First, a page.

Verse > Anthologies > Harriet Monroe, ed. > Poetry: A Magazine of Verse, 1912–22
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Harriet Monroe, ed. (1860–1936).  Poetry: A Magazine of Verse.  1912–22.
 
The Malay to His Master
By Cale Young Rice
 
THE WOMAN is mine, O chief,
White chief whom the spirits fear!
The woman is mine,
I have bought her with blood,
My mark is upon her brow.        5
I swept like a shark the sea,
O lord of unbelief!
I swept with a trusty score to her isle
And brought her home in my prau!
 
She lay in her atap-thatch,        10
Clad—ah!—in her red sarong.
The cocoanut palms
In the wind she heard,
But never my paddles near.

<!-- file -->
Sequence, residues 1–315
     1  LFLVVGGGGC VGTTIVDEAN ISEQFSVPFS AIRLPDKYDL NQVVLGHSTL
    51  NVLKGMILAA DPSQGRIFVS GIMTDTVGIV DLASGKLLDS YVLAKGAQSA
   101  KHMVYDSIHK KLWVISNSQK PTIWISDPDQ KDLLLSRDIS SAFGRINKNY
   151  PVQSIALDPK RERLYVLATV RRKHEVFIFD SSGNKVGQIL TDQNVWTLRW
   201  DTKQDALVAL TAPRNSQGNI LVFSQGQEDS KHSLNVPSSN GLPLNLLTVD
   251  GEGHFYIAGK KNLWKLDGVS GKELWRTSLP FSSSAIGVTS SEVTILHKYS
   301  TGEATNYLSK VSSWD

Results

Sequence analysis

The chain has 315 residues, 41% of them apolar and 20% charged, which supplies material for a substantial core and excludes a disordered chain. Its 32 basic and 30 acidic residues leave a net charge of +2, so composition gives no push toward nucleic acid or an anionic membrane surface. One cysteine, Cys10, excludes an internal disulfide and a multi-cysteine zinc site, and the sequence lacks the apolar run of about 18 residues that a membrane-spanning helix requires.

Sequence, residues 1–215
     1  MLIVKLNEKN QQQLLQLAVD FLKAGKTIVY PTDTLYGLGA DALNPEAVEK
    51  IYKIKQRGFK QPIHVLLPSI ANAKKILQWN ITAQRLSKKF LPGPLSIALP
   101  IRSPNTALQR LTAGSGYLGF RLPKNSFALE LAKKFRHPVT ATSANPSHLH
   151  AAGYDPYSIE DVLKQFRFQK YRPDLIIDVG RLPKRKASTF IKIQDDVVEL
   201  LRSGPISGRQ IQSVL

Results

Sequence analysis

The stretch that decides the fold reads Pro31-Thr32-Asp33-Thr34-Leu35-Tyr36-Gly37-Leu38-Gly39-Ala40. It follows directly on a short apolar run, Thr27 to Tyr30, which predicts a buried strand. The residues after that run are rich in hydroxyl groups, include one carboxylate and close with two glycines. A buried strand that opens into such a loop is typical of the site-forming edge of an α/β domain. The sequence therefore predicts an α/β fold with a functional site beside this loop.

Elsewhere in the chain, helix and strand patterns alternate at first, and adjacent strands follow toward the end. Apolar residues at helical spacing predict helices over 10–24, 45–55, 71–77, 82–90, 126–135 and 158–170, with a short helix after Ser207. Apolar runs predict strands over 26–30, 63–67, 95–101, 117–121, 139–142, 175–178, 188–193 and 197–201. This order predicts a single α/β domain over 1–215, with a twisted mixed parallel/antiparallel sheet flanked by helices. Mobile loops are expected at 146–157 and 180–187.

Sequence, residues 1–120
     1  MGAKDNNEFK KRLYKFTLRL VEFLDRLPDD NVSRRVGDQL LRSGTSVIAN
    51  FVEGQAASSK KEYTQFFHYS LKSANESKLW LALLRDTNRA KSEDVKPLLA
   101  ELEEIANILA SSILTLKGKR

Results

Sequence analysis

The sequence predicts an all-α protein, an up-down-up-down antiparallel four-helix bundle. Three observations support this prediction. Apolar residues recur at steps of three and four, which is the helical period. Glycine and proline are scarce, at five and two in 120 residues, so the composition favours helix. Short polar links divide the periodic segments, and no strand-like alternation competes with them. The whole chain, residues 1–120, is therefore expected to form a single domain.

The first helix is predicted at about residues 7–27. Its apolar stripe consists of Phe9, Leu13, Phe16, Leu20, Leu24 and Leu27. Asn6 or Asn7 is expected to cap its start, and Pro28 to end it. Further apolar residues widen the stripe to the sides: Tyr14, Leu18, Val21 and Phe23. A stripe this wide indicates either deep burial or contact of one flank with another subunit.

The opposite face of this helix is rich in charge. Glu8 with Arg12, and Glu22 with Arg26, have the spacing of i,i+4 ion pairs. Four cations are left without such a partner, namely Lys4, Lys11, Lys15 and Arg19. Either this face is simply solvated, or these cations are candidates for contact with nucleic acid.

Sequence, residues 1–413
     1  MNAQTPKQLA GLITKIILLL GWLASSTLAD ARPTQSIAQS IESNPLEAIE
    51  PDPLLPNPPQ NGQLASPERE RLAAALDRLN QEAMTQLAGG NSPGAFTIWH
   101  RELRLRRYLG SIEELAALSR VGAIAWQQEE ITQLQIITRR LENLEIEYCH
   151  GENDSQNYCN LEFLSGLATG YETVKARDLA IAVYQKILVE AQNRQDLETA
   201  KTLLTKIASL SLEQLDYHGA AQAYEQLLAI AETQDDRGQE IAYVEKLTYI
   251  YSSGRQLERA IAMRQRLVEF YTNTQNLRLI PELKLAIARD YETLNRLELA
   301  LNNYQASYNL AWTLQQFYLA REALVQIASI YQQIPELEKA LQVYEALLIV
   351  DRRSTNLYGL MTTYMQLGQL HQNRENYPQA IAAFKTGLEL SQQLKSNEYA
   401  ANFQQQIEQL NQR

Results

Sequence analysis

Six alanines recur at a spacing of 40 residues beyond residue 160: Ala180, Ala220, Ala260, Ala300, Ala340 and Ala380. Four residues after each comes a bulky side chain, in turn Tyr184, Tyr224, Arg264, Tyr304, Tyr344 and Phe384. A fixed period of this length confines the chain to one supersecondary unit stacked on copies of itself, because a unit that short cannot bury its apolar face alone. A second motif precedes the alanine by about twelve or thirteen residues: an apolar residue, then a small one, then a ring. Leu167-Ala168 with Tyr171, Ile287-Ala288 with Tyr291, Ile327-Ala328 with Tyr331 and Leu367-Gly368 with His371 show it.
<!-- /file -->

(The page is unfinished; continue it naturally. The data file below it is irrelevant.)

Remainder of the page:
I seized her with mating arms—        15
O chief, no moon is her match!—
She cried to the hunting men of her tribe,
But lo, I carried her clear.
 
And tossed her across the surf!
O chief, she is mine, not yours!—        20
I bore her away
Though the pearls of her teeth
Bit deep, and her rage beat blind.
An hundred hissing darts,
Each dipped in a venom’s scurf,        25
Slid after us like swift asps of air,
But ever they sunk behind.
 
And so she is mine, twice mine,
For when in the jungle here
I hid her, O lord,        30
And sang to her heart
And planted the rubber round,
And bought her your rings and silks
And bracelets jewel-fine,
And swept her with kisses like the sea,        35
At last was her long hate drowned.
 
And so she is mine, is mine!
White chief, you must give her back.
I bought her with blood,
I will keep her with blood,        40
So chasten your heart of lust;
Or swift, as you say the night
Of Malaya falls, at a sign,
My people, led by the gods, shall fall,
And make of your passion dust.        45
 
 
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